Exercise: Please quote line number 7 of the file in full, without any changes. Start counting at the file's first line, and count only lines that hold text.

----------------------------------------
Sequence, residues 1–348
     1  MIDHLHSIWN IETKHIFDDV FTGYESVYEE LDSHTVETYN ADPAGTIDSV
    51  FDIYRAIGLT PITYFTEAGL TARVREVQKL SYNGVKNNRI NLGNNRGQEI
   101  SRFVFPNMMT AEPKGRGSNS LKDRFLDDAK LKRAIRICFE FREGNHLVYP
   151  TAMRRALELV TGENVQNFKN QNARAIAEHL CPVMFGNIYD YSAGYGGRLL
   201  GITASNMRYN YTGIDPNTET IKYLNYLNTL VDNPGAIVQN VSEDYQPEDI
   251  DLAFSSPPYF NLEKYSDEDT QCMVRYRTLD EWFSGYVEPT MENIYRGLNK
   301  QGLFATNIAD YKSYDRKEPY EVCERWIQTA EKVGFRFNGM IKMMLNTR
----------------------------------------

   251  DLAFSSPPYF NLEKYSDEDT QCMVRYRTLD EWFSGYVEPT MENIYRGLNK